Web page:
Running time: 97 mins.
Reviewed by Bob Turnbull
The immediate post-war years in Japan were obviously a transitional period for the country with a new constitution, the continued Allied occupation and infrastructure that still needed to be rebuilt. The boom years were still a ways off, so the late 40s and early 50s were indeed, as several characters mention in Mikio Naruse's 1951 film "Repast", "hard times". By using an unfinished story by Fumiko Hayashi as his starting point, Naruse takes a look at a specific segment of society that was struggling to find its place - lower and middle class women. Specifically a salaryman's wife named Michiyo (played wonderfully by Setsuko Hara), but the tale as told touches on numerous aspects of other women's daily lives.
Context for the film is important. Though struck from a similar mold as Douglas Sirk's Hollywood melodramas, Naruse played more with small details and subtle wordless looks by his characters than grandiose moments, so there's more room for interpretation. When a character at the end of the film states "maybe that's where a woman finds her true happiness", it could easily be construed to represent a statement by the film about where a woman's place lies. Given the push and pull of what society thinks and what options may or may not be open to women (some of which gradually appear throughout the film), that final statement seems to address the sad fact that there are few available opportunities for Japanese women at that point in time. Michiyo is essentially trapped in her situation as the wife/maid of a disengaged office working husband (Naruse doesn't hesitate to frame her in boxes or shown behind the barred double set of doors of her house) since everyone keeps telling her how happy she must be as a wife and how sad their own lives are.
Michiyo's feelings of wanting a better life are stirred by the arrival into her life of her husband's lovely, flirtatious 20-year old niece Satoko. She's run away from home and an arranged marriage to try her hand at an office job of some kind. At least, that's her story. As a representative of the first generation of women growing up post-war, she's more aggressive and self-centered wanting to marry for both love and money. Her presence catches husband Hatsunosuke's attention - he may be her uncle, but it's hard to resist Satoko's giggles and coy smiles. Michiyo isn't so much jealous as annoyed since his day to day conversation with her isn't much more than wondering when his meals will be brought to him. As she visits her old school friends, runs into her handsome cousin (who is obviously taken greatly with her) and visits her family in Tokyo, she wonders about what else life could have in store for her. What options could be open to her? One woman after another tells her, however, that she should be happy with what she has. At least she isn't either alone or incredibly poor.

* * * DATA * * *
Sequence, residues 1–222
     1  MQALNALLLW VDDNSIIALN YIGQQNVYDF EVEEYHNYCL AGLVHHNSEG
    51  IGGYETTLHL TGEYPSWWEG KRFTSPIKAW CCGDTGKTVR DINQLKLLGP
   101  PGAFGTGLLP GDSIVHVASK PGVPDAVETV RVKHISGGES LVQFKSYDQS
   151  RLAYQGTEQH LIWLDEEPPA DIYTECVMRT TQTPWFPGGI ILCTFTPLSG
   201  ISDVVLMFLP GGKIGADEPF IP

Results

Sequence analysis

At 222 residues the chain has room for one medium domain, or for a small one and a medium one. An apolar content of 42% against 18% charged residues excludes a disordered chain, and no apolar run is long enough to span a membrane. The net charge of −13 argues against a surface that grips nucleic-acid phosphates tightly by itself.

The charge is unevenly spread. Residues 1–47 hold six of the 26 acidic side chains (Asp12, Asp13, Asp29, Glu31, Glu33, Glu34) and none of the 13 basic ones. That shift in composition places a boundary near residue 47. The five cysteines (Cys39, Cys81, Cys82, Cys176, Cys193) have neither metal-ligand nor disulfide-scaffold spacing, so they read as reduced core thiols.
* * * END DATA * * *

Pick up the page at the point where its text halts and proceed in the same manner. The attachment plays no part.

The film's title in Japanese ("Meshi") translates typically to "A Married Life". Though one can read this as an attack on marriage and how couples might typically fare, another view is that perhaps the characters actually learn and realize that effort must be put into a married life in order to get something back out. Watching the film 60 years on, it's hard not to grow frustrated at Michiyo's husband and at her own position, but given the circumstances of the post-war period, the film posits that they should try to make the most out of life. The film's English title refers directly to a meal - the time that one should pause and recharge oneself. Michiyo (and many of the characters in the film) has a habit of simply ignoring difficult or unwanted questions by avoiding any response. By the end of the film, though no one's lot in life has changed in any extraordinary way, some of the characters may have at least decided to engage themselves again. The country itself is going through its own "repast", so the characters need to keep trying in the mean time. It's a bit hopeful, a bit sad and wonderfully subtle in leaving all possibilities open.
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